Over the last decade many studies have shown that SLI tends to run in families, suggesting that it involves some genetic component. Two DNA regions have been identified which may be involved in language impairment: one on chromosome 16; and a second on chromosome 19. Each of these regions is large and contains many good candidate genes.

One of the genes from chromosome 16 is similar to a gene that was previously shown to be involved in dyslexia. The Genes Talking scientists believe this gene is the best candidate for SLI in this region. During this experiment, they will sequence fifty controls and fifty patient samples and look differences between their DNA. Some differences, or polymorphisms, may
represent normal variation. However, if they can uncover a loss-of-function mutation, they believe this could be causative in language impairment. Using this strategy they will confirm or rule out this candidate’s involvement in SLI.


Mon 11 July, 7pm
Thanks to the lavish investment of major cultural and scientific institutions, sci-art has moved from a niche pursuit into the mainstream. But is it simply an excuse for bad art? Can the encounter between science and arts change ways of thinking creatively and lead to fruitful new
avenues, or is it an excuse for a failure of vision – and a failure to communicate that vision – on both sides.

Speakers: Lewis Wolpert, Emeritus Professor of Biology as applied to medicine, University College London; Ken Arnold, Head of Public Programmes, The Wellcome Trust; Sandra Kemp, Head of Research, Royal College of Art.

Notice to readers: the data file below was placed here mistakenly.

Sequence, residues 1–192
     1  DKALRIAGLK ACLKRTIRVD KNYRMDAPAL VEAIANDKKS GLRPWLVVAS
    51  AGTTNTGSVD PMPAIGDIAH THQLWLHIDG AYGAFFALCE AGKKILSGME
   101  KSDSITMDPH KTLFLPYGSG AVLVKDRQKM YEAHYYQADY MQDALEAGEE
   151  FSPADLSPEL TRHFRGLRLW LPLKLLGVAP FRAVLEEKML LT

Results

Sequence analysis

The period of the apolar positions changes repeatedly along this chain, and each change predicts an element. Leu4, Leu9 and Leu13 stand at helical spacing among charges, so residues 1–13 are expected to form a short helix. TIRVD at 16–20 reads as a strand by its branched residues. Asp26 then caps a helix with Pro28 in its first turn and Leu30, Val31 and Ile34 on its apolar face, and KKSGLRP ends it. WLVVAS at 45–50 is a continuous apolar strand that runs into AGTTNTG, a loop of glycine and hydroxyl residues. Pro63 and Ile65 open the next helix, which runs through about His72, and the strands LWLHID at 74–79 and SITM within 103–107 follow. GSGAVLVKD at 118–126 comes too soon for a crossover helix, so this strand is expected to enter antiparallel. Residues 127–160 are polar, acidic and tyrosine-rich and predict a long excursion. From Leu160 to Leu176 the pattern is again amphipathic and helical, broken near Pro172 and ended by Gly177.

Chair: Emma Crichton-Miller, journalist and writer.
£8, £7 Concs, £6 ICA Members

Thur 14 July, 7pm
Is human language a natural progression of animal communications, or has there been a genetic leap in our ability to communicate? The issue of whether there is continuity between animal communication and human language has always been contentious. But what clues can the new science of comparative genomics offer?

Speakers: Professor Anthony Monaco, Director of the Wellcome Trust Centre for Human Genetics and Head of the Neurogenetics group; Heather van der Lely, Professor and Director of the Centre for Developmental Language Disorders and Cognitive Neuroscience; Professor Stephen Oppenheimer, Research Associate with the Institute of Human Sciences, Oxford University and author of Out of Eden. Chair: Professor Amanda Fisher, MRC Clinical
Sciences Centre.
£8, £7 Concs, £6 ICA Members